Sunday, May 24, 2015

Cloud Caching

Businesses and individuals rely a lot on Cloud services for both work and personal use. The number one issue with Cloud services, applications, data storage, or whatever category they fall in is connectivity. If you have no Internet access you basically have little to no functionality with Cloud services.

You can mitigate the issue with having redundant paths to the Internet. This is very simple to do with a firewall that supports 2 or more Internet connections.

Beyond Internet connectivity there is also the issue of ownership. If your data is hosted by a service; lets take for example Google Docs. Then all your data is somewhere in the ether and you have no physical possession of that data. If Google was hacked, went down, or even worse went away then what do you do?

For a truly better experience here is my though on an approach that would get a lot more companies to trust the Cloud and move more services there.

I suggest an appliance that resides onsite that "caches" all the data and keeps a working copy of the services code local. This would allow users that have network access to this appliance to keep working with or without access to the Internet.

But as you read this you're thinking, how would that work? Why would any Cloud service let you have a copy of their proprietary code?

Create a standard that is secure and will emulate any Cloud based service in a protected virtual machine.

So just think if:
- Google Docs
- QuickBooks Online
- Zoho
- iCloud
- Dropbox
- Office 365 (online office)
- Even email applications such as Gmail,, iCloud, Yahoo
- and many more...


Obviously this is temporary as the email would not talk to the outside world and data would not sync outside your office. But your users could continue to work without any interruption and still have access to data in the event of an Internet outage or a service outage from the Cloud provider themselves. Once Internet connectivity returned everything would sync back up like an offline mode sync.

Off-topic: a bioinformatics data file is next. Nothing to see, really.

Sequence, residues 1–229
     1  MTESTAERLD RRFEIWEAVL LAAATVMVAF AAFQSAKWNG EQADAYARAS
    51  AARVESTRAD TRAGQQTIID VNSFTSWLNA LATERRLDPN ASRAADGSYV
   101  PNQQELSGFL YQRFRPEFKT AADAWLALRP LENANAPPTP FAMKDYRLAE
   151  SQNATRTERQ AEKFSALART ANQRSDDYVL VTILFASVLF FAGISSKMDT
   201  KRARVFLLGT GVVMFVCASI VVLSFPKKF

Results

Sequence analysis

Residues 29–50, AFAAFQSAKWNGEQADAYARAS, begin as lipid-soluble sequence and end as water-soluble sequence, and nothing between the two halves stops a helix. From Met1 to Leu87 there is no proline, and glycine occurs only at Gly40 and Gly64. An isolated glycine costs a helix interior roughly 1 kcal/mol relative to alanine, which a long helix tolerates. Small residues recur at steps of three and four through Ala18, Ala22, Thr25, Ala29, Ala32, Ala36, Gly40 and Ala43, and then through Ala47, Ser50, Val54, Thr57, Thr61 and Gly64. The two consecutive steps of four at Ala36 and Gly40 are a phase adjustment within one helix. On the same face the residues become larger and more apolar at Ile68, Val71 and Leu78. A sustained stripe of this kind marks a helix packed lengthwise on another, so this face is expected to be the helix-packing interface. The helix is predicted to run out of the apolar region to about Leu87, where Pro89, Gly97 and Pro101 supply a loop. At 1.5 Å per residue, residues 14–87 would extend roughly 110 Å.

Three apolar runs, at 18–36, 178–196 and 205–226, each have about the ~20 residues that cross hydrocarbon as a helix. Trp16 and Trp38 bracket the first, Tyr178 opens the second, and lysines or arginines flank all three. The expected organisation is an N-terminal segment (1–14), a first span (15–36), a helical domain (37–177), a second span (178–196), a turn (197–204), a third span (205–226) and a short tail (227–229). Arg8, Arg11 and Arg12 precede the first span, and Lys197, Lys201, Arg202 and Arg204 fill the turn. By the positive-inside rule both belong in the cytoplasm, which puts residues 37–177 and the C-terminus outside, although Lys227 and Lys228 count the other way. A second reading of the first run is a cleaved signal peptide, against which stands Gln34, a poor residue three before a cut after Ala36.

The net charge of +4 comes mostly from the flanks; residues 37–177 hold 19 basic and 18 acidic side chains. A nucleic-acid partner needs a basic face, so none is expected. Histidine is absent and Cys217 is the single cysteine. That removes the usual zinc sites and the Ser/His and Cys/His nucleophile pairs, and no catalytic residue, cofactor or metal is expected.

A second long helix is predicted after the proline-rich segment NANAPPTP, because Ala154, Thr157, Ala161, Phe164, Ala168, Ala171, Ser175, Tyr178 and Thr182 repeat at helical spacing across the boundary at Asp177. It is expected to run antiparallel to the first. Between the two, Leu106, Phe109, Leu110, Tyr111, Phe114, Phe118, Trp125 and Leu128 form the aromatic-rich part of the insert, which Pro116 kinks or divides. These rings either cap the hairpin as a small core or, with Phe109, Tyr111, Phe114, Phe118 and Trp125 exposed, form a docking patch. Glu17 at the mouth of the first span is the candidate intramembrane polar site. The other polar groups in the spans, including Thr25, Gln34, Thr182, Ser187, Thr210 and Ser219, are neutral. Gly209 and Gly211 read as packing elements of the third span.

The next benefit is speed. With a Cloud Caching appliance the code could execute locally in that secure/hardened virtual machine so your users would not send any data across the Internet and wait for that to come back. The load would essentially be "offloaded" from the Cloud service providers to your local network.

I would accomplish this with:
- Open standards and open source code to run the virtual machines.
- Vendors can then supply hardware and support while running the core with open source. Then adding any proprietary software on-top for management purposes, load balancing, etc.
- Each Cloud service provider would upload a new virtual machine or update their current one when they release any new code.
- Cloud service providers would create APIs to sync data into each customers repository.

For high level management owner/operators can set polices on their appliance such as:
- Version control, so if an update comes out they can control when it deploys and also have fail back if there is an issue with the new code. The Cloud service provider can override these polices to prevent corruption with the data.
- Bandwidth control.
- Use applications local or remote when Internet connectivity is available.
- Switch to applications locally if latency or bandwidth usage is high (definable).
- Customize URLs for internal access or to just have external URLs redirect to the internal appliance(s) using DNS control/redirection.

The possibility of even outright purchasing a perpetual license for a Cloud service would be feasible to then host on-site without Internet connectivity. This could also be used for Cloud services that are end of life or where the service went out of business.

The idea of a standard and openness is competition to keep prices low and make it so a proprietary appliance is not needed for each service. ISPs can even implement appliances in neighborhoods to keep access local and fast!

For Cloud services to really capture more business from those that have not yet adopted, this may be the best way forward. Hopefully someone will figure this all out and bring the Cloud home!

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